Each year more and more evaluations are commissioned worldwide. But do the commissioners really know what they are doing? Do they ask the right questions, engage the right people and then use the results in their work?
For this to happen and for the potential of evaluations to be used to the fullest possible extent, Commissioners also need to know something about evaluation. Commissioners do not conduct evaluations themselves, so they do not have to be able to master all the tasks involved in an evaluation. Nevertheless, some things they need to know about evaluation. Commissioners play a crucial role in an evaluation. They set the course for an evaluation and determine largely whether an evaluation is successful and whether its results are used. They therefore bear a great responsibility. This workshop aims to help them (a) to be aware of their central tasks in an evaluation and (b) to be able to cope with these tasks professionally.
First, it should be made clear who is actually meant by the term Commissioner and what this means for an evaluation. Next, the evaluation should be considered in its social and organizational context. The evaluation boom that we have been observing is due above all to a “new” way of political and administrative management. Without the idea of “evidence based policy” and without the concepts of New Public Management, outcome and results based management, this boom would never have taken place. This correlation is explained in order to recognize the importance and potential of evaluation and to be able to distinguish evaluation from other concepts such as quality management, audit or controlling.
Then we plunge into the evaluation process and learn from practical examples which tasks the Commissioner has to perform and which he/she should leave to the evaluator. Specifically, the goal is to ensure overall stakeholder participation, define roles and develop a comprehensive communication strategy from the planning of an evaluation to the use of the evaluation results. On the other hand, the Commissioner sets the central course: He/she formulates the key evaluation questions and outlines the scope of the evaluation. In doing so, he/she must take great care to ensure that the personnel and financial resources available are appropriate to the defined tasks and that these can also be completed within the planned time frame. In order to avoid any misunderstandings about the tasks to be performed by the evaluator, the Terms of Reference for the assignment must be carefully and precisely formulated. The tender process must be regulated in a clear, transparent and comprehensible manner. Finally, the Commissioner must be able to select the tender that offers the best value for money. After the commission has been granted, final questions can be clarified in a kick-off workshop so that the evaluation can meet the expectations associated with it.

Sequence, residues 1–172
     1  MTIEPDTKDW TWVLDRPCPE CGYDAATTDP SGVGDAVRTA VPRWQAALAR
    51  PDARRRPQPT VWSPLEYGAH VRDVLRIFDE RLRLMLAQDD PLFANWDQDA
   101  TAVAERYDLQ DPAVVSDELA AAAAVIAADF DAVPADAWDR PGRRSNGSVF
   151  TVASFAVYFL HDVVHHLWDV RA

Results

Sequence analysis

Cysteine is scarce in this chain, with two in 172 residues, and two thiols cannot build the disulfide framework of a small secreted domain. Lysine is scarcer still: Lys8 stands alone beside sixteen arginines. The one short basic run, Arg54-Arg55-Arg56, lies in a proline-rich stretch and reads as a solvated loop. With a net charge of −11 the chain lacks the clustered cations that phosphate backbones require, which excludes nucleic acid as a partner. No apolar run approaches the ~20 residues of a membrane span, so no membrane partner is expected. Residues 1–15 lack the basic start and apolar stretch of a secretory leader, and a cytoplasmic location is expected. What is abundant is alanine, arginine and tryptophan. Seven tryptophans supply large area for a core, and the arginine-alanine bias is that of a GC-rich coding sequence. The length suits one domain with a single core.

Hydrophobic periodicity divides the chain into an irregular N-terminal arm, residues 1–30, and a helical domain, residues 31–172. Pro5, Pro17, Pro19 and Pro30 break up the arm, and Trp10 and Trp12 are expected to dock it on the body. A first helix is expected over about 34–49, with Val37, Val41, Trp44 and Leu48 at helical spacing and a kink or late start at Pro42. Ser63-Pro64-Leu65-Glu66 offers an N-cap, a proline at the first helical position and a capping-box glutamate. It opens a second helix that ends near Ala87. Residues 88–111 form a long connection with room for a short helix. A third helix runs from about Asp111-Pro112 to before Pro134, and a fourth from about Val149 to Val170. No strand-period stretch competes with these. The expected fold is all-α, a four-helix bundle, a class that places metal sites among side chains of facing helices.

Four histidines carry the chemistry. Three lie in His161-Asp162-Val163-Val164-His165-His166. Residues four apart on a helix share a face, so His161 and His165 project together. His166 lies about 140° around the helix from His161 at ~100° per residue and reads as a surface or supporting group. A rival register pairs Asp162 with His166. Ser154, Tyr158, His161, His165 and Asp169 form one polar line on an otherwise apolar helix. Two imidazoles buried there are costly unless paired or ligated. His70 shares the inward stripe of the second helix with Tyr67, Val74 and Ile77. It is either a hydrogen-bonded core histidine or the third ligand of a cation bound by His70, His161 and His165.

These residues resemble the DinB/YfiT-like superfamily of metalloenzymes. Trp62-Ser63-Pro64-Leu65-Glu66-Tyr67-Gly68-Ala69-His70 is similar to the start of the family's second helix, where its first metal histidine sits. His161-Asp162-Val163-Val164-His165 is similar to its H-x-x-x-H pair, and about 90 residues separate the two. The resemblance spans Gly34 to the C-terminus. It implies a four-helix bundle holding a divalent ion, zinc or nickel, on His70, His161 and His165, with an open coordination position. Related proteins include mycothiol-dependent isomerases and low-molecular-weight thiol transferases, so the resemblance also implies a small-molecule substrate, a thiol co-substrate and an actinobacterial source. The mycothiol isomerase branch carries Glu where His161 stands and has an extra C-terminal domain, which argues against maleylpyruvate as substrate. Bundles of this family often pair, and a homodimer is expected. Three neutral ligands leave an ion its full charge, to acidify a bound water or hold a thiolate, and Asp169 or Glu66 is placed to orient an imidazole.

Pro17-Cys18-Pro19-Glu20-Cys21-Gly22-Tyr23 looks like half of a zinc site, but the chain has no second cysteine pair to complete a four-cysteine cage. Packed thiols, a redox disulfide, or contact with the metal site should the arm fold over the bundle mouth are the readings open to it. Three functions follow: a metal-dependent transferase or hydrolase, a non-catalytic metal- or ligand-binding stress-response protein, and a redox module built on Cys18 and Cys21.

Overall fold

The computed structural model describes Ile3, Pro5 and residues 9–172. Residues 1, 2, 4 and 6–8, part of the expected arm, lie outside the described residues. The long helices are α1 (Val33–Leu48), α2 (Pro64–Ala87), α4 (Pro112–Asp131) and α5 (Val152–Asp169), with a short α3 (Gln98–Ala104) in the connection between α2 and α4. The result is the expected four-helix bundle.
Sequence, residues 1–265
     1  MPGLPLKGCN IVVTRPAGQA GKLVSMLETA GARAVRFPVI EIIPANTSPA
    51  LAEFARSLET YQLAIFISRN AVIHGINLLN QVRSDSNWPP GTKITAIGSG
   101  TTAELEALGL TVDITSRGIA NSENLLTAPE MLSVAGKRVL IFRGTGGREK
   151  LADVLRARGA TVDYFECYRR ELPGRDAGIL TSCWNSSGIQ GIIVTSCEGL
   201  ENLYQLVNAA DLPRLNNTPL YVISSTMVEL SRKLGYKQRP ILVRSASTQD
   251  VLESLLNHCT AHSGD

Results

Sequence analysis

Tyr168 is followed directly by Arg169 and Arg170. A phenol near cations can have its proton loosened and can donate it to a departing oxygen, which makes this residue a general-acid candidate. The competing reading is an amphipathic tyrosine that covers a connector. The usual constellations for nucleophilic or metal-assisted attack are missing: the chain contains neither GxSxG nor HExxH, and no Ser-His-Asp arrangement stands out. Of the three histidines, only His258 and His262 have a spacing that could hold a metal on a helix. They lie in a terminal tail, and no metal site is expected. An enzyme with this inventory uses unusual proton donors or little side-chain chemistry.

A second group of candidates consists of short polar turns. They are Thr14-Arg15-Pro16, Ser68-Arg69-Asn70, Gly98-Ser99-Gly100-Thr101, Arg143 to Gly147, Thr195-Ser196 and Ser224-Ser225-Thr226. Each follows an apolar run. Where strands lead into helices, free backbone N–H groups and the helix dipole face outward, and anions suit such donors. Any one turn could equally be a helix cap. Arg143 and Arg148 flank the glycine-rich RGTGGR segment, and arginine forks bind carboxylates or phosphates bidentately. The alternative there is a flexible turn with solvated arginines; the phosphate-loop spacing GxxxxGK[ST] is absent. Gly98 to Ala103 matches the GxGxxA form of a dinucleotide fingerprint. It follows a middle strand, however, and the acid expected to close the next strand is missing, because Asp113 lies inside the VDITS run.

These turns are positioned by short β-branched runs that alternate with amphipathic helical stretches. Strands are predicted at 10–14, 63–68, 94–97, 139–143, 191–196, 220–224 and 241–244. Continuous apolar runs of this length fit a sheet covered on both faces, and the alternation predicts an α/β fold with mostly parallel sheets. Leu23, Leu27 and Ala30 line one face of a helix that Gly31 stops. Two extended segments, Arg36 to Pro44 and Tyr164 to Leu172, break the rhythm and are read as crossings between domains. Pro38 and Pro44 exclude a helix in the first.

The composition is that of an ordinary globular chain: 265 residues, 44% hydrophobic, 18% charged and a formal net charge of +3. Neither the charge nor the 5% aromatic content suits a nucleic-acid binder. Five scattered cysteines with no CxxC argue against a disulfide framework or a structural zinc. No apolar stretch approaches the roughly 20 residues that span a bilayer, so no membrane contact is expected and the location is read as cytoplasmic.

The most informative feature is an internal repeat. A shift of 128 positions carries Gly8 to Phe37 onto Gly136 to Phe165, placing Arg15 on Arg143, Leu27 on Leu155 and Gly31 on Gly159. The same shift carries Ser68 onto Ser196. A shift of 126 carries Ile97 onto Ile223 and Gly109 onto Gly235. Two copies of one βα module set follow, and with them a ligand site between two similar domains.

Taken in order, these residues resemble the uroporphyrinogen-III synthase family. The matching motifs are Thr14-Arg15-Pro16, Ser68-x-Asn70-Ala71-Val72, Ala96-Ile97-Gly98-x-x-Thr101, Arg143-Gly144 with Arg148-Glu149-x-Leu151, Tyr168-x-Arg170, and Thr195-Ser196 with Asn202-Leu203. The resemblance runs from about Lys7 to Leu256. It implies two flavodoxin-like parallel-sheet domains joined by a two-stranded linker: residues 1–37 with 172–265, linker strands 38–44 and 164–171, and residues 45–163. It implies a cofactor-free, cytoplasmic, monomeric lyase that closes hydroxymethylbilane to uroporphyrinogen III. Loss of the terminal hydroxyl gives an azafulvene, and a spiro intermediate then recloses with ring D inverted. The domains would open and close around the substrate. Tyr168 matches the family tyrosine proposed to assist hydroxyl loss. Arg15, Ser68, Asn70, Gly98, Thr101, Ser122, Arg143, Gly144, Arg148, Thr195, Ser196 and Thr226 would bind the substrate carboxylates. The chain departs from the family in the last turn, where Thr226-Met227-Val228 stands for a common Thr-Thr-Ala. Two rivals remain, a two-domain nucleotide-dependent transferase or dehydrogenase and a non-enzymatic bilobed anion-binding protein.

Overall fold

Now it’s the evaluators’ turn! If necessary, the Commissioner can be informed about the progress of the evaluation and he/she can intervene to ensure quality. At the latest, when the evaluation report is available, the Commissioner need to assess it professionally and decide whether the tasks have been completed to his/her satisfaction. With a management response and a targeted dissemination strategy, he/she ensures that as many stakeholders as possible learn something from the evaluation and benefit from it – and that the resources invested were used optimally.
- Know the importance of New Public Management/Outcome Management and their instruments for evidence-informed decision-making
- Be able to plan, manage and quality assure an evaluation
- Are capable to implement a communication and dissemination strategy to assure the best possible use of the evaluation results.
Clients, sponsors, users and commissioners of all kinds of evaluations (ex-ante, ongoing, ex-post) on all levels (i.e. project, program, strategies, policies, institutions), like parliamentarians, executive staff, project and program managers, M&E officers from governmental and non-governmental organizations, bi- und multilateral development organizations.
This is a workshop on beginners’ level. Basic knowledge about evaluation is helpful but not required.
In preparation of the workshop, participants will be asked to read chapter 2 “An Introduction to Evaluation”, chapter 3 “Competing and complementary approaches to evaluation”, in “A practitioner Handbook on Evaluation by Reinhard Stockmann, Edward Elder, 2011, as well as chapter 4 “Evaluation Process” in “Functions, Methods and Concepts in Evaluation Research” by Reinhard Stockmann and Wolfgang Meyer, MacMillan 2013. The chapters will be made accessible on the internal platform of the IPDET website.